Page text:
Intrastat Returns? No idea how to handle Intrastat and Intrastat Returns, but it seems to exist and you seems to need it when you trade goods in the European Union. It is required to provide details (Intrastat and Intrastat Returns) about the trade transactions. I am trading goods since years, and no simple goods, I trade in cheese. Located in the UK, in Cornwall, I run my business. It´s great business and really started as a hobby, it started 3 months ago on my holiday trip though France, Spain and Italy. In France I ate for the first time other cheese as my traditional Cheddar cheese. I went with my car to make a trip for 5 weeks, to learn more about the culture, the food and the wines. I drove from Truro, in Cornwall, to Dover, quit a long trip, but when you want to make a holiday by car, there is no choice. From Dover I took the very to Calais. I drove from Calais to Amiens, were I stayed overnight. For desert I ate a weak cheese called Bray, I really liked it and wrote all down I could found about this cheese. The following day my trip went to Normandy and stayed in Pont l’Évêque were I enjoyed the local cheese with the same name, it tasted great with a glass of Calvados. Beside the Pont l’Évêque, I also became Camembert and Livarot. I started loving these weak French cheeses had to recognize that they were richer as our famous Cheddar. I decided to change my plan a bit, instead of a lot of culture and different food, I would focus this trip on cheese and aside I would drink some nice wine, but only for the taste, about the cheese I wanted to make a booklet for myself. Next day Bretagne was my victim, here I learned the Thome de Rhuys, La Curé Natais and Crottin de Loudac as week cheese, and especially the Thome de Rhuys impressed me, they also served me a “hard” cheese with a strong taste, Trappe de Timadeuc, not as hard as Cheddar, but no week cheese. My next destination was Pays de Loire, beside beautiful nature and castles they has two great, weak, cheeses, Curé Nantais and Port Salut. My booklet was growing, I collected really all information I could find about the origins, ingredients and producers and wrote them down. Up to Centre Val de Loire were I met the goat cheese called Crottin de Chavignol, never knew that goat cheese tasted that great. The other goat cheese I tasted was Couronne Lochoise. After four days I realized that I even didn´t know that there were so many, totally, different cheeses in France and I was only at the beginning. In the next region, to be honest, I thought there is no cheese production, Ile de France, I learned the taste of Brie de Meaux, great! I even went up the Eifel Tower, so I was in Paris. The next trip, about 500 kilometer, brought me into the Alsace were I met, smelly, but o so good, Munster cheese. This cheese with a nice glass of gewürztraminer makes your day. Up direction south now, to the famous Bourgogne, I was already looking forward to some great wines, but as I told you before, my focus changed into the direction of cheeses. I went to Dijon and state in a hotel in the beautiful city center, they were well know about the incredible amount of cheeses and it was true! I started with a Régal de Bourgogne, followed by an Abbaye de Cîteaux, the next one was a strong week cheese, Époisses, this one was followed by a Chaources and the last Burgundy cow cheese I taste was Abbaye de la Pierre-qui-vire. The owner some my surprised face, so many cheese in one region, he started to laugh, there were also goat cheeses in the region and the tasting continued. Charolais, Mâconnais en Bouton de Culotte were their goat cheeses. My booklet was really getting full. An idea came slowly up, why shouldn´t I use my know-how I was gaining during this trip and start (re-) selling cheese? Time enough to overthink this idea during my trip. Next station, Auvergne-Rhône-Alpes, more week cheeses to taste. In loved the first one a Bleu d’Auvergne, it was very taste full and great with a glass of Macon. The next cheese I had was a Cantal, followed by a Saint Nectaire maybe unknown, but good the last one for this day was a Fourme d’Ambert. And again all the details of each cheese landed in my booklet which was maybe the most important instrument for my plan – (re-)selling cheese. All information I needed to describe the cheese and to contact the producers was in my booklet. The trip continue to Aquitaine-Limousin-Poitou-Charentes, great for its Bordeaux wines, but almost no cheese, I was a bit surprised, but was compensated by excellent food combined with excellent wines. I tasted one cheese, a Chabichou du Poitou, not much work for me and my booklet. Up to the next region, Languedoc-Roussillon-Midi-Pyrénées, my pick off the day was a Bleu des Causses, better then it looked! Up to the sun and the sea, the Provence-Alpes-Côte d’Azur, they had even sheep cheese, Tomme and Rove, which both taste great. Then I learned some goat cheeses, Brousse and Banon, nice flavor and taste. The most interesting cheese was the Champoléon, this cheese was made of three different types of milk (cow, goat and sheep). The last cheese I tasted in this region and in France was Bleu du Queyras. The last one tasted great and was detailed noted in my booklet. In Cannes, I had time to think about my plan for my cheese (re-) selling company. I made a checklist what to do and went to the internet to do some research. After some days my plan was finished I should make the step into cheese (re-)selling. My coverage should be the European Union with all the regulations. But with the right support I even should solve issiue like Intrastat and Intrastat Returns.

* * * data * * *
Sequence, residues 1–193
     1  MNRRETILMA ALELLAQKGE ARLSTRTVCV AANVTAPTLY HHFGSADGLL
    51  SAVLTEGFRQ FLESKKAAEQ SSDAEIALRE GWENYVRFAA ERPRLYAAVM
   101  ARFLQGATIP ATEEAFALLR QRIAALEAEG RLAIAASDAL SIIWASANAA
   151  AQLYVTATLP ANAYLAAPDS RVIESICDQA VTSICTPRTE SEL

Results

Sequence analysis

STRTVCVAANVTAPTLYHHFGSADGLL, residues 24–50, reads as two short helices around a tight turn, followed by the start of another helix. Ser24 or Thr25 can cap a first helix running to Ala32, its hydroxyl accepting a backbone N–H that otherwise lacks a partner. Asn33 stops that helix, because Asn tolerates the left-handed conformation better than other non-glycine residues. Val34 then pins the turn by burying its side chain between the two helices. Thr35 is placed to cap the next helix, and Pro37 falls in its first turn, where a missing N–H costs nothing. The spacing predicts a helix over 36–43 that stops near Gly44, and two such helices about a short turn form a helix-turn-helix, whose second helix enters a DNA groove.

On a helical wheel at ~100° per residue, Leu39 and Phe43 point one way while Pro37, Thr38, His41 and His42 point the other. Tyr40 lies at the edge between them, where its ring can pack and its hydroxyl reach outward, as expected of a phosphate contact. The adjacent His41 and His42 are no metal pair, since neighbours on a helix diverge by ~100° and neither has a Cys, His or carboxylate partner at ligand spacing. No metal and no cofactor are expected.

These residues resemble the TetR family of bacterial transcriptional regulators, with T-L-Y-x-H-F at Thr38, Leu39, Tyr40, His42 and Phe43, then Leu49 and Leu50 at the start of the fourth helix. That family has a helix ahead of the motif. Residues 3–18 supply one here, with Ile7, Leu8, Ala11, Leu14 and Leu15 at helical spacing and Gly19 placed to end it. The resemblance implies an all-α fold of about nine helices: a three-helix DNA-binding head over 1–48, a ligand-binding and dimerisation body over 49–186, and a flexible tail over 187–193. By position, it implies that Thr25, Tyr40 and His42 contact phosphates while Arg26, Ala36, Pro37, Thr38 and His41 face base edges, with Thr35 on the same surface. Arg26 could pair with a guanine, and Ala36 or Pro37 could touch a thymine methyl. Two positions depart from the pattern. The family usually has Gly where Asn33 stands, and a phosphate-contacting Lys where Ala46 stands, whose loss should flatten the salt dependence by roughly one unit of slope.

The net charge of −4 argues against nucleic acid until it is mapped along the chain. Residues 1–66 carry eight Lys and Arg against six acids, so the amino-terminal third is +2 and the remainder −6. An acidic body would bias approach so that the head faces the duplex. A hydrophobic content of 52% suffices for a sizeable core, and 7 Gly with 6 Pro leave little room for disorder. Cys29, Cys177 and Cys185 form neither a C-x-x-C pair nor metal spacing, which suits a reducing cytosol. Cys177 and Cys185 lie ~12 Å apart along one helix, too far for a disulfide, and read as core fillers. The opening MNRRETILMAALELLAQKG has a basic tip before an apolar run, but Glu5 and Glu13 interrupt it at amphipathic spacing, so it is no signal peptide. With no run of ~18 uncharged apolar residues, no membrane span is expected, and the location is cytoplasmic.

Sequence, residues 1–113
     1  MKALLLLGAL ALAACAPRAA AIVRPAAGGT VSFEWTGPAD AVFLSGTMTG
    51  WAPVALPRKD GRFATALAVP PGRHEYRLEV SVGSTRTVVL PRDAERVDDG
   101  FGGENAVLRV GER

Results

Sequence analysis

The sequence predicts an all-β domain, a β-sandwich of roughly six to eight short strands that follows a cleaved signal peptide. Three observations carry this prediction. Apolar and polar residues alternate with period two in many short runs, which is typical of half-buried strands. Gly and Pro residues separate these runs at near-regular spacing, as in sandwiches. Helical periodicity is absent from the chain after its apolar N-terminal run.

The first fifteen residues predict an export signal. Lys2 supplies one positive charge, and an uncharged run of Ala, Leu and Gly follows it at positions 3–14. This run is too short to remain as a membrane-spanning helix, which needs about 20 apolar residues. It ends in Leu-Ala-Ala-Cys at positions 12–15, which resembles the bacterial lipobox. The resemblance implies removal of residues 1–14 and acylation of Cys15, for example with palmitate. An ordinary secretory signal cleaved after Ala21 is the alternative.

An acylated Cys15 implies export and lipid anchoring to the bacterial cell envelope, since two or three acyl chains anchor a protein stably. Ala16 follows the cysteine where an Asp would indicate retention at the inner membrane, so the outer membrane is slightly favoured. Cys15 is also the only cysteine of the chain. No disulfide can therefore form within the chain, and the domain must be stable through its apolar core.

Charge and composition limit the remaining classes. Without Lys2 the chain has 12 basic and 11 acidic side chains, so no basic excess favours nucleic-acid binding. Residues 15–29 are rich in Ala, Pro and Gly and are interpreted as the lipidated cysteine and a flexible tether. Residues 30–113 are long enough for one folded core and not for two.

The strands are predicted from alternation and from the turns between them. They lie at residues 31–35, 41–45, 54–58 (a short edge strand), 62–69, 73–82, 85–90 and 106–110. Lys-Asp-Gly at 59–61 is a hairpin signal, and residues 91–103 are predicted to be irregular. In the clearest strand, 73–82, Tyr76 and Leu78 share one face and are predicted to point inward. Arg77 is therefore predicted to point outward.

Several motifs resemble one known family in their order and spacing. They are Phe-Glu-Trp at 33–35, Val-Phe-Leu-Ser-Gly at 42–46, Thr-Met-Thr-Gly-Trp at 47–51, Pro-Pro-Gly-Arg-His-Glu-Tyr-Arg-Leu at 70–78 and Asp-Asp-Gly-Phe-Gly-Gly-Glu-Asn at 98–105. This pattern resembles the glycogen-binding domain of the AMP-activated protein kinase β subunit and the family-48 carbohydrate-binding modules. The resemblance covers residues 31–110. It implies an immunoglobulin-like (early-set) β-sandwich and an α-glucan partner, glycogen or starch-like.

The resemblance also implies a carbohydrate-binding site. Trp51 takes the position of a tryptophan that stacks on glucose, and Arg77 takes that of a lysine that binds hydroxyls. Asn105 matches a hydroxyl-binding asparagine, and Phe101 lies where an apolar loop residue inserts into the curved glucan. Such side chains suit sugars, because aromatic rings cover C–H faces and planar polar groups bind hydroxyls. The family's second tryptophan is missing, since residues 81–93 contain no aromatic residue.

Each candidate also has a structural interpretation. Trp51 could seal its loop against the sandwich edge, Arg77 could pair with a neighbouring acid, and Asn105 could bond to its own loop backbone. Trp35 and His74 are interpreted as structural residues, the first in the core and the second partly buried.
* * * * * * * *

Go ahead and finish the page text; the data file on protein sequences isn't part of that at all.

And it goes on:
More info? www.rmboulanger.co.uk